Staying safe whilst open water swimming and an understanding of the basic swimming safety facts should always be your number one priority and a couple of items on social media this week have drawn my attention to it once again. The first was footage of a dramatic rescue of a swimmer from the Bristol Channel during December 2020, the second being a news item extolling the virtues of open water swimming for beginners but obviously not written by a swimmer of any experience, basically informing its readers that rivers and lakes are still open to the public so go and take a dip without any safety advice whatsoever.
Therefore, I just wanted to reiterate the main points for staying safe whilst open water swimming, especially as we are now in a cold winter spell in the United Kingdom which makes any open water swimming much more extreme in its nature, and therefore not to be taken lightly.
Royal National Lightboat Institution Swim Safety Advice
The dramatic footage of the rescue in the Bristol Channel can be viewed here and thankfully it came to a happy conclusion. This is no critic of the individual involved, she was an experienced swimmer and had already taken precautions that possibly saved her life (she was wearing a tow float that was very visible in the water and also she was not swimming alone as she had friends on the beach who raised the alarm) but highlights that no matter how experienced a swimmer we must always treat open water swimming with the greatest respect and this is even more applicable to the inexperienced, especially in colder water temperatures or where there is a tide or current running.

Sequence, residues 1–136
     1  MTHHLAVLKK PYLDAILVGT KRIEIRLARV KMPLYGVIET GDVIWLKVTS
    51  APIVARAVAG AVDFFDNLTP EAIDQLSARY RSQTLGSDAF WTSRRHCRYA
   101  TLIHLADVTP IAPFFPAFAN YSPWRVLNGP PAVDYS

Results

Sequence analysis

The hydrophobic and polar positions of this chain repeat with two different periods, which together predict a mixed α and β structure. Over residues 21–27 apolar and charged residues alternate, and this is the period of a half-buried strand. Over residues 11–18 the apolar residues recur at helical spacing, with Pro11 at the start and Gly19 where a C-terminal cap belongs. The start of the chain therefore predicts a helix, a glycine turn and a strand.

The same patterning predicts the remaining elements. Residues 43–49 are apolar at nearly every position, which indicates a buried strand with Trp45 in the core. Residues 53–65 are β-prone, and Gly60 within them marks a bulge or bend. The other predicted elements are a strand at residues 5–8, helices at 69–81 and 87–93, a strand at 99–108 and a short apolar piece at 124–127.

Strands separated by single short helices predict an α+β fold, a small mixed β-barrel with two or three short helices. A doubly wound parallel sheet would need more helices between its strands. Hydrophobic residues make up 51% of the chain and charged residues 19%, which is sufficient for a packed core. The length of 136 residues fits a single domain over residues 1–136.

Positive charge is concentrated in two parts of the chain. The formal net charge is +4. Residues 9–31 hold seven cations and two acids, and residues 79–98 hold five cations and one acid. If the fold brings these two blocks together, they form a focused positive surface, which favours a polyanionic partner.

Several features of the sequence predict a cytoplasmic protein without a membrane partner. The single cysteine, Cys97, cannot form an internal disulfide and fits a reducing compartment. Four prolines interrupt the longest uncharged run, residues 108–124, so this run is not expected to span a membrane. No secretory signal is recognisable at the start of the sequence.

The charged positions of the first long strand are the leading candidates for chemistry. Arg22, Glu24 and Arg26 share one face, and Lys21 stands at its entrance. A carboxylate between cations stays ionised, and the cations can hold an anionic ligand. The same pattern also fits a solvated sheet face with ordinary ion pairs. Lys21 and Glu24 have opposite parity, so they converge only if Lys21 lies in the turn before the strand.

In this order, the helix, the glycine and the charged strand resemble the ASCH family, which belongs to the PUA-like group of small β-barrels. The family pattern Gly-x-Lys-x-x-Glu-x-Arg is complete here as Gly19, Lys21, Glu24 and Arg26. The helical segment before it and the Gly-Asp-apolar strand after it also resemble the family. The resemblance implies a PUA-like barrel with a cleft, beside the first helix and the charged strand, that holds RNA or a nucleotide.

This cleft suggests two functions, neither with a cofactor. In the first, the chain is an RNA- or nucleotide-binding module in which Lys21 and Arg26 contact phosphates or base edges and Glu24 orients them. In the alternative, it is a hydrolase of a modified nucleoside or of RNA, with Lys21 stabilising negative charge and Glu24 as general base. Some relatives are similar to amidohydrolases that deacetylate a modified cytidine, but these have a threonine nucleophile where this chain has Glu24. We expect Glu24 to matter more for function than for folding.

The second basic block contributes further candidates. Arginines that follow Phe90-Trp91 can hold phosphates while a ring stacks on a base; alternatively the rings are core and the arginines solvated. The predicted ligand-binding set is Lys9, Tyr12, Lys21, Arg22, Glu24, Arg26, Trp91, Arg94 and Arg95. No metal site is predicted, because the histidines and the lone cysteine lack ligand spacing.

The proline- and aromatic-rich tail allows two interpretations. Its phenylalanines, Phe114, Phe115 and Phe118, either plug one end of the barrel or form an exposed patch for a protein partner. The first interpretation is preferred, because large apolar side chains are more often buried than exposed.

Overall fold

As part of the accompanying article a spokesman for the RNLI, whilst acknowledging that “The benefits of outdoor swimming are well documented” also went on to state that “please be aware of any risks before you enter the water particularly if you are new to our area or are thinking of giving it a go for the first time”.
They also issued a list of steps for staying safe in the water that I feel are well worth repeating here:
- Never swim alone, always go with someone else to a familiar spot
- Always check the weather forecast, including tide information and wave height
- If in doubt, stay out, there is always another day to go for a swim
- Take plenty of warm clothes for before and after your dip, along with a hot drink to help you warm up again when you come out of the water
- Wearing a wet suit will help increase your buoyancy and reduce the chances of suffering cold water shock
- Be seen – wear a brightly coloured swim cap and consider using a tow float
- Acclimatize to the water temperature slowly – never jump straight in
- Stay in your depth and know your limits
- If you get into trouble remember FLOAT to live by leaning back in the water, extending your arms and legs, and resisting the urge to thrash around to gain control of your breathing
- Take a mobile phone in a waterproof pouch
Open Water Safety for Beginners
As part of my introduction I mentioned the number of articles now circulating extolling the virtues of Open Water swimming and even more recently cold water swimming, which as leisure pastimes are really gaining in popularity.
As an open water swimmer myself I can certainly agree with this, an early summer morning in a lake with some swans as company or flying overhead is for me an experience not to be missed. Also, everyone has to start somewhere so at some point you will be a novice and maybe drawn to the open water via similar articles and it is at this point that relevant safety advice is paramount.
I have seen both ends of the spectrum where when done correctly the confidence gained is immense and it is a beginning of a passion for open water swimming, but also unfortunately where someone has their confidence “shot” by a bad experience and will either never go back or do so but from that point on wards it always seems to be a struggle.
So if looking at Open Water swimming for the first time I would recommend the following as a minimum and I have just fleshed these out from the points above: